A Fisk-like moment isn’t reserved for just marquee names. October is fickle as to whom it shines its light on. David Ortiz has posted historic World Series numbers, but the Red Sox received game winning hits from the non-descript Jonny Gomes and David Ross in Games 4 and 5.

Will either be with the Red Sox next year?

The following are the most compelling Game Sixes in World Series history. Note: For this list, a Series must go seven games, which excludes Toronto’s 1992 championship over Philadelphia, which, despite ending on Joe Carter’s homer lasted just six games.

Also, excluded is the League Championship Series, which would include Curt Schilling’s “Bloody Sock,’’ game in 2004, the year the Red Sox snapped an 86-year drought known as “The Curse.’’ It would also exclude the 2003 NLCS, which featured Steve Bartman.

Finally, I would have had to seen these games.

Here’s my list:

IF IT STAYS FAIR:  One of baseball’s most enduring images, and perhaps its greatest game, came in the 1975 World Series on Fisk’s game-ending homer in the 12th inning as Boston beat Cincinnati, 7-6. Fisk’s homer was made possible by Bernie Carbo’s three-run, two-strike, pinch-hit game-tying homer in the eighth inning.

Fisk’s moment delayed what Red Sox fans would call the inevitable, as Boston lost Game 7 at Fenway Park. This time, it would be the Reds that rallied, when Tony Perez connected off Bill Lee.

Fisk, and another stalwart of that team, Luis Tiant, will throw out the first pitch to tonight.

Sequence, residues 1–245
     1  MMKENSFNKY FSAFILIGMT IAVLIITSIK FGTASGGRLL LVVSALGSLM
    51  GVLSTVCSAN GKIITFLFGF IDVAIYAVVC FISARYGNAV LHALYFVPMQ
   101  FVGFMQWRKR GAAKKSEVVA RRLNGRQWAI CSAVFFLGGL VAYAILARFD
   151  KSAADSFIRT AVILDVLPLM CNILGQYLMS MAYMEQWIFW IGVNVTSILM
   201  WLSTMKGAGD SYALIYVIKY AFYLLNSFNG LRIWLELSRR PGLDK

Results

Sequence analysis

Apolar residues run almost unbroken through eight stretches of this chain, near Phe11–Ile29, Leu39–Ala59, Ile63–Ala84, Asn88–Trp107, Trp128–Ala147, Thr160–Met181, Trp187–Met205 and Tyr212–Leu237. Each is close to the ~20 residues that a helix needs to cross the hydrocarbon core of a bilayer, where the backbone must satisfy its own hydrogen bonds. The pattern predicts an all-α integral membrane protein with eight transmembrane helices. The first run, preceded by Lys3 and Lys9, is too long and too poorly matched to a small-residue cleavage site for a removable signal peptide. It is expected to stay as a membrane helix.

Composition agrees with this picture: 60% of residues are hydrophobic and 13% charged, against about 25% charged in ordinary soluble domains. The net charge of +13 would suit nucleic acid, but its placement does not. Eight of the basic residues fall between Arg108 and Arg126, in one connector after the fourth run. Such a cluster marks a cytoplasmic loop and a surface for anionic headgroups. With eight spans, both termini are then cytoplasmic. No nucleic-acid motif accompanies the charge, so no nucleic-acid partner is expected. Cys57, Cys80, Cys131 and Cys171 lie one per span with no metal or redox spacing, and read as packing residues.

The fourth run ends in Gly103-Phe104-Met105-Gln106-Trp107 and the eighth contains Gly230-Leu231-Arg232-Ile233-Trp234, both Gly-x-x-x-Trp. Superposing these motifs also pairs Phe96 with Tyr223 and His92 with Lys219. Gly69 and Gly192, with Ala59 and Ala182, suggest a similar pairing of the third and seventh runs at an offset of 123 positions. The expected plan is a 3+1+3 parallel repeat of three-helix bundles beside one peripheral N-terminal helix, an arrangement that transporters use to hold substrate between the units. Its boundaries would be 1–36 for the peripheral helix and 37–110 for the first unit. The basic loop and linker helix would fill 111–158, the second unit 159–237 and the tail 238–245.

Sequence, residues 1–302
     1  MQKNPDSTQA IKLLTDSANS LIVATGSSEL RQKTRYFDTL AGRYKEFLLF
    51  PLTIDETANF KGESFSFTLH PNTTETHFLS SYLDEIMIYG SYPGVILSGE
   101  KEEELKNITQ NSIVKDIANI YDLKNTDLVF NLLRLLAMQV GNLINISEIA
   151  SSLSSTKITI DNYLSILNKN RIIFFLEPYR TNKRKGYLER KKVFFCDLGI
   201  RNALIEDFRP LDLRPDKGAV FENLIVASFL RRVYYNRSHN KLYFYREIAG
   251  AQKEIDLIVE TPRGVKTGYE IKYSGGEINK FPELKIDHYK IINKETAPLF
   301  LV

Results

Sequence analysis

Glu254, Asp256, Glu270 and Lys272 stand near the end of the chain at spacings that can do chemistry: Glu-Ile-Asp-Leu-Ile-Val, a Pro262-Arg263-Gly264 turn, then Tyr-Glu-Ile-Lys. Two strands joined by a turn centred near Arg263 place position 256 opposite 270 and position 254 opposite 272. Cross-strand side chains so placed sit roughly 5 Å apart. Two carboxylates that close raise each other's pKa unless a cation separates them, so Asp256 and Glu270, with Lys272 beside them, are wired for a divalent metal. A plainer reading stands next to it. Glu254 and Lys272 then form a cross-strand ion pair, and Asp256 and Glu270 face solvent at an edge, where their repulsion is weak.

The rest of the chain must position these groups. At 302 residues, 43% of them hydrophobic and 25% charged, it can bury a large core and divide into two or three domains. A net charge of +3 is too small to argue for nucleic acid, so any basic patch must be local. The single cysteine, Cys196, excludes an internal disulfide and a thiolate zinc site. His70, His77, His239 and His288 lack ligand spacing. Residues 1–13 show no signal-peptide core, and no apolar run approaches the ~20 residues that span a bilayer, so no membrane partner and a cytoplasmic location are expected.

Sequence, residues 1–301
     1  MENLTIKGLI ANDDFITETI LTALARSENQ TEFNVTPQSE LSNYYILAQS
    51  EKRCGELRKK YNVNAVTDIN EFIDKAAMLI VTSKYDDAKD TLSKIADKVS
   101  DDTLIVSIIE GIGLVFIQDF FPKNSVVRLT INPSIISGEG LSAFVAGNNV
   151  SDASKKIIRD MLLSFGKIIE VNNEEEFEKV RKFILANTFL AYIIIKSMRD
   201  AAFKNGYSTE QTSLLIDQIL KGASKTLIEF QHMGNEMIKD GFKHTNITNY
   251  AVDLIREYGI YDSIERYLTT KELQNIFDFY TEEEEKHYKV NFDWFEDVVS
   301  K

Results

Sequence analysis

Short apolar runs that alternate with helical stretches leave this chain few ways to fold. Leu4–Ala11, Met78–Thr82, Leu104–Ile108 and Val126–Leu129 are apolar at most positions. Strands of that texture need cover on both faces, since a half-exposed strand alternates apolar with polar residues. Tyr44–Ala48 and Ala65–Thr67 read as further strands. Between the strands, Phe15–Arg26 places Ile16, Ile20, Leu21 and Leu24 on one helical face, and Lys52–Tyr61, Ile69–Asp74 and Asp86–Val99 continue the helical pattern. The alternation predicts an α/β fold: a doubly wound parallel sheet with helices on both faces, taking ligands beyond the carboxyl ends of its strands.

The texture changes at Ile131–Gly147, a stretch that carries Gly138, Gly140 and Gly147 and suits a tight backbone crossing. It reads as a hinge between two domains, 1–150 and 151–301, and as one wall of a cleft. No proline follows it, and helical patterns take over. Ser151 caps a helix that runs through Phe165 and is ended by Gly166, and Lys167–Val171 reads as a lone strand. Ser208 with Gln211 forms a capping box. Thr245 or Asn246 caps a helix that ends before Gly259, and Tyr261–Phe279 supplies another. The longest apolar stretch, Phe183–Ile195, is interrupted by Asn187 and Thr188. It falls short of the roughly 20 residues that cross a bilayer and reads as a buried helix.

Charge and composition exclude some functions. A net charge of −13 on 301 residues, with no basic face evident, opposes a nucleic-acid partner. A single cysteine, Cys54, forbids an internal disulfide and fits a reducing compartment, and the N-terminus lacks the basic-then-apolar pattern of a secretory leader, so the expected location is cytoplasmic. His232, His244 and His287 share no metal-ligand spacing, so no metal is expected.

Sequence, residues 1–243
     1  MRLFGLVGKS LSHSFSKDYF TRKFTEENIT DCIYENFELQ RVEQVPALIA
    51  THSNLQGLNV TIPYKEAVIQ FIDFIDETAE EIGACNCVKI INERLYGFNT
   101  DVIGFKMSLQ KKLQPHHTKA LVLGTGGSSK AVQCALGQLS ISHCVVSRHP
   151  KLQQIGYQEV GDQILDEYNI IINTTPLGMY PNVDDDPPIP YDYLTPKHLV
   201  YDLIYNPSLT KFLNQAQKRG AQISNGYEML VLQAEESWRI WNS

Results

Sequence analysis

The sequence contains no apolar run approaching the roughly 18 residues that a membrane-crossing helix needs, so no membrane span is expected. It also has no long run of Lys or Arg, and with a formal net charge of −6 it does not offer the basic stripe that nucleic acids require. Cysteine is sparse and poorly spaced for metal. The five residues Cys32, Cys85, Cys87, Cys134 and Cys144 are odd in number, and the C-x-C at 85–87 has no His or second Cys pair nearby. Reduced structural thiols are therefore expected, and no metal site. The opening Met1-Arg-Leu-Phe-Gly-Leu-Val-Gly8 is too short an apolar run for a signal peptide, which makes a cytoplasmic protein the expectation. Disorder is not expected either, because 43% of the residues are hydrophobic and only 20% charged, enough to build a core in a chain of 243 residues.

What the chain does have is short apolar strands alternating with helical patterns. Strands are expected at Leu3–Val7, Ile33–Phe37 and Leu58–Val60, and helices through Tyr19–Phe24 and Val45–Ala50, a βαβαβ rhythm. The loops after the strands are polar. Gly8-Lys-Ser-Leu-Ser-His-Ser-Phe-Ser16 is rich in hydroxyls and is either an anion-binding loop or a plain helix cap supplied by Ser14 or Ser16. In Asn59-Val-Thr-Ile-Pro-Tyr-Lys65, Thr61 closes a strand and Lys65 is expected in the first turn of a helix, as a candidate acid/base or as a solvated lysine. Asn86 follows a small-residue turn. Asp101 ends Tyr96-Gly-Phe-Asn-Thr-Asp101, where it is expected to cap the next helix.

THE CARDINALS STAY ALIVE: Pitch for pitch, this one compared favorably to the Fisk game as the Cardinals twice were one strike away from elimination, but rallied to tie with a two-run ninth and two-run tenth to stun the Texas Rangers, 10-9, and force a Game 7, which they won.

The title iced a remarkable season in which the Cardinals overcame a 10 ½-game deficit to reach the playoffs.

Local boy, David Freese, who tied it with a two-run triple in the ninth won it with a homer in the 11th inning.

The game turned heavyweight fight featured five ties and six lead changes, and nobody complained that it lasted 4 hours, 33 minutes.

That’s one of the beauties of baseball. When it’s compelling and dramatic like the above Game Sixes, the games can last indefinitely and will leave you wanting more.

The game turned heavyweight fight featured five ties and six lead changes, and nobody complained that it lasted 4 hours, 33 minutes.

That’s one of the beauties of baseball. When it’s compelling and dramatic like the above Game Sixes, the games can last indefinitely and will leave you wanting more.

THE BALL GETS BY BUCKNER:  Another moment etched in time is the ball that squirted through Bill Buckner’s legs in the 1986 World Series. Down to their last out, the Mets rallied for three runs to beat Boston, 6-5, with the game-winner coming on Mookie Wilson’s dribbler through Buckner’s legs.

The Mets went on to win Game 7, and overcame a three-run deficit to do it. I went into more detail of that game in an earlier post today.

That game was made possible because the Mets prevailed against Houston over 16 innings in Game 6 of the NLCS. Keith Hernandez called it a crucial victory as it kept the Mets from facing Mike Scott, who beat them in Games 1 and 4.